Macon Action Plan Refresh and Downtown Challenge from Alex Morrison on Vimeo.

MAP 2.0 - Macon Action Plan Refresh


The Macon Action Plan, originally published in October 2015, is back for a five-year update. Since the completion of the first plan for Macon’s Urban Core, Downtown has seen $5 million in foundation grants, and over $400 million of additional public and private investment in Downtown. Eighty percent of the strategies from the original plan have been implemented.

The Macon-Bibb County Urban Development Authority [UDA], the City of Macon, and their partners are undertaking this REFRESH of the original plan, looking at what’s next for Downtown Macon over the next five years. To jumpstart this process, a new Downtown Challenge is opening on January 22, 2020. Click here for more details.

Email us at maconactionplan@gmail.com to get involved in MAP 2.0!

Final Macon Action Plan Announced!


Thank you, thank you to everyone who read the Draft Macon Action Plan! We appreciate all of the positive feedback, as well as your thoughtful comments and suggestions for strengthening our plan. We are happy to announce that the roadmap for the future of Macon’s Urban Core has been edited to reflect the last round of community input, and MAP is now complete! Next up? Implementation… ready, set, ACTION!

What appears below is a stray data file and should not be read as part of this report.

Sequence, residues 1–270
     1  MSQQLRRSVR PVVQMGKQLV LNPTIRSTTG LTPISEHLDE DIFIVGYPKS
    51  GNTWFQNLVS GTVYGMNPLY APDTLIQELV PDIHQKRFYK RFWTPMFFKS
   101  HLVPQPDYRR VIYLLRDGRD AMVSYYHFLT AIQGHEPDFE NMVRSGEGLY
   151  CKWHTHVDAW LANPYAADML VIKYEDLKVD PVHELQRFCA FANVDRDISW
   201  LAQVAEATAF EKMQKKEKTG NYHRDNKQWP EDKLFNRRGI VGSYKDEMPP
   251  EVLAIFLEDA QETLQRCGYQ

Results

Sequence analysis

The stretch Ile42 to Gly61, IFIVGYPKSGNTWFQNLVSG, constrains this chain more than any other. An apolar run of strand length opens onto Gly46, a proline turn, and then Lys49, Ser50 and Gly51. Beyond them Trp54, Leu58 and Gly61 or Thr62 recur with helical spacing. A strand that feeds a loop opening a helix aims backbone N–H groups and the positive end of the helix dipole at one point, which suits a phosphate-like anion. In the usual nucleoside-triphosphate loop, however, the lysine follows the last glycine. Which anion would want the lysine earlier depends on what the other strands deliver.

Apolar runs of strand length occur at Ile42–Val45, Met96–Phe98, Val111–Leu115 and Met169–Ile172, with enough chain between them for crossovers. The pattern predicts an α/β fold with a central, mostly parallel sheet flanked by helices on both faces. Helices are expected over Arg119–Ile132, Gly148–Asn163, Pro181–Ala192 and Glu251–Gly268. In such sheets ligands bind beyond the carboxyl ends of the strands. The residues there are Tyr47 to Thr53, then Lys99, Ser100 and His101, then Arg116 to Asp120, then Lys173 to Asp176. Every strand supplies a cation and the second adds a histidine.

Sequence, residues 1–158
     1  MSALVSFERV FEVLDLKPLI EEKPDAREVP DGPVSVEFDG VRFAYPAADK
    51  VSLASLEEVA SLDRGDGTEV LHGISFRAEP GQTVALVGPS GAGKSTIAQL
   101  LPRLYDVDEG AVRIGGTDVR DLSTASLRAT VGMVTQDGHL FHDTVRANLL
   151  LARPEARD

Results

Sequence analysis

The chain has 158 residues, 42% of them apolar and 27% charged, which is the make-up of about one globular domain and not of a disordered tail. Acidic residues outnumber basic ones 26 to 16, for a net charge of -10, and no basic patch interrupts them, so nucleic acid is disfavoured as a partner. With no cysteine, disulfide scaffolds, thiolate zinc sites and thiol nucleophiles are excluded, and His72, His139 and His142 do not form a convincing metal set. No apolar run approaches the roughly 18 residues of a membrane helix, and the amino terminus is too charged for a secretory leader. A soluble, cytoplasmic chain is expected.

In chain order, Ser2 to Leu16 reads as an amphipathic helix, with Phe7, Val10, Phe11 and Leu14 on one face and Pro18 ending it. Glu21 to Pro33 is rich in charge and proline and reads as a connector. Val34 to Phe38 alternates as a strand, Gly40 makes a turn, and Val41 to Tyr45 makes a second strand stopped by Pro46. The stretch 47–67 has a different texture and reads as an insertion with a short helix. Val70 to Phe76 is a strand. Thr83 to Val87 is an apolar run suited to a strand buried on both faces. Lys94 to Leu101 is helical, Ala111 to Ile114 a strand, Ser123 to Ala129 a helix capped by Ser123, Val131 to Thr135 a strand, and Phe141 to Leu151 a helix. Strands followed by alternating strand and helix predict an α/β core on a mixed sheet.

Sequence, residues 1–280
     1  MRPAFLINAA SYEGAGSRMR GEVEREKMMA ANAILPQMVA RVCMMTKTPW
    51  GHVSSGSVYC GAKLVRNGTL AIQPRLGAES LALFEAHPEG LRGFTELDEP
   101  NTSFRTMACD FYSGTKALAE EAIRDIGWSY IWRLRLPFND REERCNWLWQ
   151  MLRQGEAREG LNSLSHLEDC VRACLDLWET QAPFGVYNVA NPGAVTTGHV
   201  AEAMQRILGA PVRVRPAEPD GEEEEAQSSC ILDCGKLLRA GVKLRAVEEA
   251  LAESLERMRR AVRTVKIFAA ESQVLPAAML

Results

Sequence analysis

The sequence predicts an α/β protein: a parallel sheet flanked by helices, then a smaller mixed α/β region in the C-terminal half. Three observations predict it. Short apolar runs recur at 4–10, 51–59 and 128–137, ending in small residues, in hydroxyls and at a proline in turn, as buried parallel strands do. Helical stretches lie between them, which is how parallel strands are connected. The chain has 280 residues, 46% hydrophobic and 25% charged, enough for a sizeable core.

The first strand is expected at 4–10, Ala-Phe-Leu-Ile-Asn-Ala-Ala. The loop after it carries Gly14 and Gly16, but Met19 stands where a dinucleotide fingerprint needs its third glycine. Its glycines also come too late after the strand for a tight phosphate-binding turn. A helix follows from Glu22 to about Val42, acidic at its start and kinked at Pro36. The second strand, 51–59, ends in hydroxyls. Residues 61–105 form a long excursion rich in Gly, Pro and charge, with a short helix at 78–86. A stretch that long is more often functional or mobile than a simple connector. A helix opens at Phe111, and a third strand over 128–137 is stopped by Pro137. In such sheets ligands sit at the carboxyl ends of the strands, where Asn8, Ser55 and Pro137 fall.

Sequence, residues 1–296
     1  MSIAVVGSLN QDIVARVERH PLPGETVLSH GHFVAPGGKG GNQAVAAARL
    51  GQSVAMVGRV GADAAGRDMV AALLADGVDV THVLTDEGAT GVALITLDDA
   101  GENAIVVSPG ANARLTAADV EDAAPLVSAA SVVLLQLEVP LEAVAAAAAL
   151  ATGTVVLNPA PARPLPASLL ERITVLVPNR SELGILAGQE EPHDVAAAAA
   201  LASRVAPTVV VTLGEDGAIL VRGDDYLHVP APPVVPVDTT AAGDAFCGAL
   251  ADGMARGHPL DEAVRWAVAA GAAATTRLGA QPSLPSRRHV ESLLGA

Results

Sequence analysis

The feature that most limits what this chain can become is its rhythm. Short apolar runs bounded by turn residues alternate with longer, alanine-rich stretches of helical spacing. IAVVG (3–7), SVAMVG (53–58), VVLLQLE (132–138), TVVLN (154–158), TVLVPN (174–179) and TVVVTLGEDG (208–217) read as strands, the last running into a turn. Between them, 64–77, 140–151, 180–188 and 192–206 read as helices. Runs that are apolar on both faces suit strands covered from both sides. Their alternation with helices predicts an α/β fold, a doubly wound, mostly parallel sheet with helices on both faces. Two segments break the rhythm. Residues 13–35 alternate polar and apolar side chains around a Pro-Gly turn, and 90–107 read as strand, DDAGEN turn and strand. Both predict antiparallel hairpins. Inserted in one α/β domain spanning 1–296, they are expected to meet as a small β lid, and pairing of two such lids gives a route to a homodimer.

Download the Executive Summary, the final version of the Macon Action Plan, or browse MAP online. If you would like more details and data, Appendix 1 includes an atlas of analysis maps and a record of MAP's public outreach, and Appendix 2 includes supporting documents from the consultant team.


What is MAP?


Macon Action Plan (MAP) is a comprehensive, community-driven, plan that envisions the future of Macon’s Urban Core. The Macon-Bibb County Urban Development Authority received generous grants from the John S. and James L. Knight Foundation and the Peyton Anderson Foundation to fund this effort to plan for our collective future. Facilitated by the Macon-Bibb Urban Development Authority, Macon-Bibb County, and their partners, MAP is our roadmap to guide change and decision making in coming years.

Progress since 2015

The original Macon Action Plan was approved in October 2015. It summarized a year-long planning process, and because the A in MAP is for Action, the MAP movement began with a running start towards implementing the plan’s recommendations. With funding for many of the projects provided by the Peyton Anderson Foundation and the John S. and James L. Knight Foundation – each organization providing $1.5 million in support – and the dedication of the Urban Development Authority and its partners, 95 of the over 120 recommended strategies have either been completed or are underway.